Skip to content
Skip to navigation menu

Cymraeg

Exploring space

13 May 2011

Herschel abstract

One of the most powerful and ambitious astronomical satellites designed to provide the best view yet of the Universe at far-infrared and sub-millimetre wavelengths is living up to its illustrious name, according to Cardiff astronomers.

Cardiff astronomers have been heavily involved in using the Herschel Space Observatory, launched exactly two years ago (14th May), designed to observe the sky at infrared wavelengths and named after Sir William Herschel, a leading astronomer who discovered infrared light around two hundred years ago.

"Those of us working on the Herschel Space Observatory think it's very well named", said Professor Matt Griffin, School of Physics and Astronomy, and lead scientist of the SPIRE mission.

"It follows in the footsteps of William and Caroline Herschel in surveying the heavens, and it uses the planet that William Herschel discovered as a standard source. Not only that, our cameras on board the satellite actually use a basic technique used by William Herschel himself to measure the infrared light," he adds.

Born "Friedrich Wilhelm Herschel" in Germany in 1738, William moved to England aged 19, and became one of the leading astronomers of his time. In 1800, he discovered infrared light, which has wavelengths longer than visible light that we see.

Herschel was also a very accomplished telescope builder, and spent much of his time systematically observing the sky looking for double stars and nebulae. Working from his home in Bath in 1781, one of William’s most famous discoveries was the planet Uranus. He gained favour from King George III by trying to name it the "Georgian Star", though the name didn’t stick. The favour did, however, and he was appointed The King’s Astronomer in 1782. Besides making many astronomical discoveries, in 1800 William also discovered infrared radiation, which has wavelengths longer than that of visible light.

The Herschel family was a particularly astronomical one, with both his sister, Caroline, and son, John, playing important roles in the history of astronomy.

Today, the Herschel Space Observatory is still making use of the planet Uranus. The extensive study of our Sun’s seventh planet means that it is very well understood. Herschel’s SPIRE instrument regularly observes Uranus so that astronomers can calibrate other measurements against the well-known brightness of Uranus.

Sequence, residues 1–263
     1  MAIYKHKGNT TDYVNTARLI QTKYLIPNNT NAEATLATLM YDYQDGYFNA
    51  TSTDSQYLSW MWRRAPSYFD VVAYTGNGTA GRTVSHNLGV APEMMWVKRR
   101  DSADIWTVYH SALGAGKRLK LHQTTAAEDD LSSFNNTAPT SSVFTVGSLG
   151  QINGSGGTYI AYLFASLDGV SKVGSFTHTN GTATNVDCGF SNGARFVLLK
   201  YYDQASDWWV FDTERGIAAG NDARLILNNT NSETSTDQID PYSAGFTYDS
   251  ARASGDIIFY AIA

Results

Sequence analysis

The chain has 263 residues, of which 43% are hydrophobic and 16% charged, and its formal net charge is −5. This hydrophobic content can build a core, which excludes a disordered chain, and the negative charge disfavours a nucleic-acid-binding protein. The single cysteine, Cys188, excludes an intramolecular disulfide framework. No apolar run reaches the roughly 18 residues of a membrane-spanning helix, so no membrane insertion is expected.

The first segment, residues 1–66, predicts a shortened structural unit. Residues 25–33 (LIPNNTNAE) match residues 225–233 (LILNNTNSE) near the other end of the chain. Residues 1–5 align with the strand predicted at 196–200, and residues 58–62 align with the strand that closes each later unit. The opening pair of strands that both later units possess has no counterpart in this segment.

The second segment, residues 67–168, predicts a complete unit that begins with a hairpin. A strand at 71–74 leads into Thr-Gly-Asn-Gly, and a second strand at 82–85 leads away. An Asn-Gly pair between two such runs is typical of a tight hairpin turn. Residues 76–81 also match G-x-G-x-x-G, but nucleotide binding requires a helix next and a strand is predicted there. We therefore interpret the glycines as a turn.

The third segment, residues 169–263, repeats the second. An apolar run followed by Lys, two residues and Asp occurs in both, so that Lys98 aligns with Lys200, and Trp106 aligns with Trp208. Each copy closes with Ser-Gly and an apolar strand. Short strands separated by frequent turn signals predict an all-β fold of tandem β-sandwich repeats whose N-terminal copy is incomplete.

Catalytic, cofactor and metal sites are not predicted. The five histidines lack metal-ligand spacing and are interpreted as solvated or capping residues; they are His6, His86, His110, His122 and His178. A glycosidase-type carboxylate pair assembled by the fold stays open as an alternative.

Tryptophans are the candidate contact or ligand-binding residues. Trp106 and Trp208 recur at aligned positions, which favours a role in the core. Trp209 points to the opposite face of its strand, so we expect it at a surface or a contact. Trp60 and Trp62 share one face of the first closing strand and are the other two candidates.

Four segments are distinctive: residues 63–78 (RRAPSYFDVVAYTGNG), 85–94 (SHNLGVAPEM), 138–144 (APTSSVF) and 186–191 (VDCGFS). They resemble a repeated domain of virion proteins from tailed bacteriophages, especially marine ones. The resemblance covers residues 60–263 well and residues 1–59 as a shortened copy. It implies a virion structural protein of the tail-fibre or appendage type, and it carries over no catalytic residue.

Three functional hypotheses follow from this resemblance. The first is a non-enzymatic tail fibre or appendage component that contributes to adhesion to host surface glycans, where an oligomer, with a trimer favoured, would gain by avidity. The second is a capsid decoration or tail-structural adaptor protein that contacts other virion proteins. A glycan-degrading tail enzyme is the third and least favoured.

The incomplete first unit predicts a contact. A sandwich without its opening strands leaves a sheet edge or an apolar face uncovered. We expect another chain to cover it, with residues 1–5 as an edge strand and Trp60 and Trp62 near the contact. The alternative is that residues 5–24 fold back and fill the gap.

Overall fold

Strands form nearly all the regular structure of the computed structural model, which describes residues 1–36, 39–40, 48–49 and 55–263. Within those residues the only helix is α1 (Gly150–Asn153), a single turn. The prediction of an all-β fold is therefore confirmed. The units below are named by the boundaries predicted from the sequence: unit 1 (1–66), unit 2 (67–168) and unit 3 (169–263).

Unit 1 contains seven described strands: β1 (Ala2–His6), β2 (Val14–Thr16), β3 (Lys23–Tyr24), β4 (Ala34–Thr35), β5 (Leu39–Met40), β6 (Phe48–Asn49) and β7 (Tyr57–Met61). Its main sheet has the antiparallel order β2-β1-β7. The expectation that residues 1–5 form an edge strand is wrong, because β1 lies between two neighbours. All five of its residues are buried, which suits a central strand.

Uranus is too small for the Herschel satellite to see as more than a very bright point of light. In the background of the image are dozens of faint fuzzy blobs, each one a distant galaxy. This is an excellent illustration of Herschel’s power, as the faint galaxies are typically ten thousand times fainter than the much closer planet Uranus.

Caroline Herschel worked closely with William, and was one of the first female astronomers. She made many discoveries of her own, including a number of comets which bear her name.

When she was awarded a £50 annual stipend by King George III, Caroline became the first woman to have an official government appointment. After William's death in 1822, Caroline moved back to Germany and completed his catalogue of nebulae. In recognition of her astronomical work, she was the first woman to be awarded the Gold Medal by the Royal Astronomical Society. The Herschel catalogue of more than 2000 objects formed the basis of the astronomical catalogue which is still used today.

Comets have been important throughout history, and remain so today. They are icy snowballs which were formed at the same time as the planets nearly 5 billion years ago. Detailed studies of comets shed light on the Solar System early in its history, and provide hints as to how the Earth has changed since its formation. While the Herschel Space Observatory isn’t observing any of Caroline’s cometary discoveries, most of which whizzed past Earth and left the Solar System, it has observed a number of others.

Fittingly, the Herschel satellite observes in a very similar way to the technique used by William and Caroline Herschel themselves – it methodically and systematically scans the sky recording exactly what is seen over large areas of the heavens. It is the ends of these scans which give the jagged appearance to the Herschel images.

The family connection to the work of the Herschel satellite doesn’t end with Caroline.

William’s son, John, was also an astronomer, and added thousands more objects to the catalogue compiled by William and Caroline. He discovered that many of the bright stars in the sky are located in a band which is tilted up relative to the disc of stars that makes up most of our Galaxy. It was an American astronomer, Benjamin Gould, who established that there was a full ring around the sky. Now known as the Gould Belt, it contains most of the nearby star forming regions, such as the Orion Nebula, and it provides us with a panoramic view of how stars like the Sun are still forming in the Milky Way today.

The far-infrared light measured by the Herschel Space Observatory makes it the ideal instrument for studying star formation, and the Gould Belt is one of its main targets. Using Herschel, Astronomers have mapped star formation in many areas of the Gould Belt, from the Southern Cross to Cygnus, the Swan.

Professor Derek Ward-Thompson, School of Physics and Astronomy, said: "Herschel is doing an excellent job of studying star formation in our Galaxy. Two years after launch it is truly fulfilling its potential."

Professor Matt Griffin added: "Two centuries on, I think William and Caroline would be intrigued and certainly quite pleased to see how what they started has developed."

Related link